The current green building development has been focused on new buildings but is shifting towards existing buildings,” said Vincent Cheng, director of building sustainability at ARUP, Hong Kong, an independent firm of designers, planners, engineers, consultants and technical specialists. “For significant progress, the focus of stakeholders in Hong Kong should shift from new to existing buildings which make up the bulk of the building stock. Potentially, more effort can be made to incentivize sustainability for existing buildings, promote microgrid/ renewable systems to reduce dependence on coal-powered electricity, and divert waste from precious landfill space.

When considering the limited number of years that Beijing, Dubai and Shanghai have been working to green their built stock, the achievements of these cities are profound, especially when considering the large number of highly internationally-certified buildings currently standing within these cities,” says Solidiance, explaining the rankings.

Saeed Al Abbar, chairman of the Emirates Green Building Council, United Arab Emirates, states in the study, “It is important to note that a building can be sustainable and incorporate green best practices without having a certification behind it. Certifications, however, are useful tools for measurement and can serve as guidelines for best practice. Nonetheless, Dubai does not have a specific certification or rating systems such as Estidama in Abu Dhabi, but the Leadership in Energy and Environmental Design (LEED) rating system is used and recognised broadly.”

By contrast, Singapore stood out as a pioneer in the industry by setting forth a comprehensive and bold set of policies and targets for greening the city’s built block.

As a city that has committed to greening 80 percent of its built stock by 2030, Singapore proved to be one of the most ambitious on the list of cities evaluated.

Finally, the assessment of the city-level green initiatives established that both Sydney and Hong Kong have set higher than average carbon dioxide (CO2) reduction targets amongst the 10 Global Cities, and have also proven themselves as they perform noticeably well with low CO2 emissions city-wide.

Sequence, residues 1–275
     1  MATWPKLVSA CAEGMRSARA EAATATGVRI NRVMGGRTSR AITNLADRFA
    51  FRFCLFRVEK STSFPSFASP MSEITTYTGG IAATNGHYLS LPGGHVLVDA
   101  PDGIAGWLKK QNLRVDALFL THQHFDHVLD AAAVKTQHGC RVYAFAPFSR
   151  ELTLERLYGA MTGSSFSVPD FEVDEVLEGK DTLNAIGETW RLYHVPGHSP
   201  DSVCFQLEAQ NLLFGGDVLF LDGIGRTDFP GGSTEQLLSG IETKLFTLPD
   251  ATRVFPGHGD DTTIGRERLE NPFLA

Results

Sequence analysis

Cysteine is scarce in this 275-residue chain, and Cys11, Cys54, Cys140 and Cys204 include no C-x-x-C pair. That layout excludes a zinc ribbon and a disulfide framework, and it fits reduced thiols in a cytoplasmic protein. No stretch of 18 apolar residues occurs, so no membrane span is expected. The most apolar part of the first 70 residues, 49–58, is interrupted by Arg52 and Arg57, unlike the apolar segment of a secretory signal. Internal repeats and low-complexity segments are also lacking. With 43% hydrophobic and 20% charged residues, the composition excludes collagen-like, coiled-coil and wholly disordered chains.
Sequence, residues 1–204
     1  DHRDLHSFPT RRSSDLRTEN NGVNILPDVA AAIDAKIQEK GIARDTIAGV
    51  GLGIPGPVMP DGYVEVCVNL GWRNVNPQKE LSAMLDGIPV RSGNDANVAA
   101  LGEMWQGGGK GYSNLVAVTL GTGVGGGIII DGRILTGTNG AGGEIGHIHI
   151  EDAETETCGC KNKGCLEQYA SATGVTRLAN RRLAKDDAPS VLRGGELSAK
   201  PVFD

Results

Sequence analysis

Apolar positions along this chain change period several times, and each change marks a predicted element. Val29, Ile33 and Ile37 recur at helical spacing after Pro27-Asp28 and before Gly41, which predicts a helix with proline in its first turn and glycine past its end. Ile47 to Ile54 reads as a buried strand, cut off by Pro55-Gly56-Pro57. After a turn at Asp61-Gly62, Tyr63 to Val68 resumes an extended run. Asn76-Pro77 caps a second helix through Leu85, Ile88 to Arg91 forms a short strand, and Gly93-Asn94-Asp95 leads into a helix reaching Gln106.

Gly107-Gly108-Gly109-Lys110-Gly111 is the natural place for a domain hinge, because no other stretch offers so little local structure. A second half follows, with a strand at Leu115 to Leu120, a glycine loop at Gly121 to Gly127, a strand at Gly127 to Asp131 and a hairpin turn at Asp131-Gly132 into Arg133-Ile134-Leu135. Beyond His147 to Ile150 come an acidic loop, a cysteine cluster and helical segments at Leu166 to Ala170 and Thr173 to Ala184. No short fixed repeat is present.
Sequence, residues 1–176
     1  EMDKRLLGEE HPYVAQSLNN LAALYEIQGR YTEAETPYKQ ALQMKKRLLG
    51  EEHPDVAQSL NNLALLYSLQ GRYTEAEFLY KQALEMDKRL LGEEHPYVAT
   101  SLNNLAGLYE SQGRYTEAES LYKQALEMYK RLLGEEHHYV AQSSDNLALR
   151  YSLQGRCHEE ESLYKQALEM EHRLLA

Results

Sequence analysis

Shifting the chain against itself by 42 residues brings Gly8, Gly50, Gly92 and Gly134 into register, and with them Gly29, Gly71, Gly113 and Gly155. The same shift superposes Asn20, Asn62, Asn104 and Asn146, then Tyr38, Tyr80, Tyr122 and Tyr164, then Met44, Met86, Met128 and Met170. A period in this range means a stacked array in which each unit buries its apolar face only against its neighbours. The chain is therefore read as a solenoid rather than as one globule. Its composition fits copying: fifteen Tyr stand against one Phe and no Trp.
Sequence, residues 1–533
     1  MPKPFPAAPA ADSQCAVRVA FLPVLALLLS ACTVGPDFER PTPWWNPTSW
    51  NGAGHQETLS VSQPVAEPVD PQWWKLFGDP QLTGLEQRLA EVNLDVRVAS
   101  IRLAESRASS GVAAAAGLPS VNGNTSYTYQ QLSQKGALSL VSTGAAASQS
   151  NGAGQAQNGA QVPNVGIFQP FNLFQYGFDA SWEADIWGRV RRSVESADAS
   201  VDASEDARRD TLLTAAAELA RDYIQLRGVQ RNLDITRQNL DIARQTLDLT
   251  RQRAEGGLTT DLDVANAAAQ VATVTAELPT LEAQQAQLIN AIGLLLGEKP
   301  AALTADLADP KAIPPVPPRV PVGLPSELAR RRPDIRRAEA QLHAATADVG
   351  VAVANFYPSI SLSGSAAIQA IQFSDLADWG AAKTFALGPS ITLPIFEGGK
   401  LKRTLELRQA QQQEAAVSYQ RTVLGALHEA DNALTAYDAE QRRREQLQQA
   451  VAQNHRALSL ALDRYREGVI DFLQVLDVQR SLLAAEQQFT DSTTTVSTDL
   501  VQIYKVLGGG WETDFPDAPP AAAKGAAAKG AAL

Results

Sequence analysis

Paris, Sydney, and Singapore take the highest ranking spots with regards to each city’s green building efficiency. This is due to the three cities not only being very low CO2-polluting cities in general, but also because they each have a very low percentage of emissions which can be attributed to the city’s built-environment.

Roughly eight to 10 million new buildings are constructed each year, worldwide, and now more of them are greener than ever before. Solidiance finds that the number of green buildings is doubling every three years as a response to the current accelerating demand for sustainability.

 Michael Scarpf, head of sustainable construction at the Swiss building materials giant LafargeHolcim told Solidiance, “Singapore and London are the cities which have the highest green building activity, and Costa Rica, France, Singapore, and the United Kingdom are the countries that witness high demand for green building materials.

Buildings are the largest energy-consuming sector, accounting for more than 40 percent of global energy use and responsible for an estimated 30 percent of city-wide emissions, calculates Solidance, which points out that buildings also hold the most promise for global energy savings.


 Featured image: Montparnasse Tower views: Les Invalides, Paris, France (Photo by David McSpadden) Creative Commons license via Flickr

China Plans World’s Largest Carbon Market to Curb Climate Change

ChinaUSPressConf

By Sunny Lewis

BEIJING, China, October 7, 2015 (Maximpact News) – Within two years China will open a national market-based cap-and-trade system to limit greenhouse gas emissions from some of its largest industrial sectors, President Xi Jinping announced late last month during his visit to the United States.

Carbon emission levels will be capped and companies will have to pay for the right to emit carbon dioxide, the most abundant climate-warming greenhouse gas.

China is the world’s top emitter of greenhouse gases, is the top oil importer after the United States and is struggling with a public health crisis caused by severe air pollution in its largest cities.

China’s new carbon emissions trading system will cover key industry sectors such as iron and steel, power generation, chemicals, building materials, paper-making and nonferrous metals.

The carbon market – similar to the European Union’s and also similar to two regional markets in the United States – is part of an effort to help China meet its climate targets and move toward energy supplies based on nuclear power plants and renewables.

President Xi said China will implement a “green dispatch” system to favor low-carbon sources in the electric grid.

ChinaSolar

In a U.S.-China Joint Presidential Statement on Climate Change issued on September 25, the two nations describe a common vision for a new global climate agreement to be concluded in Paris this December. It is scheduled to take effect from 2020.

President Xi said, “We have decided to continue to work together to tackle global challenges and provide more public good for the international community. We, again, issued a joint announcement on climate change. We have agreed to expand bilateral practical cooperation, strengthen coordination in multilateral negotiation, and work together to push the Paris climate change conference to produce important progress.”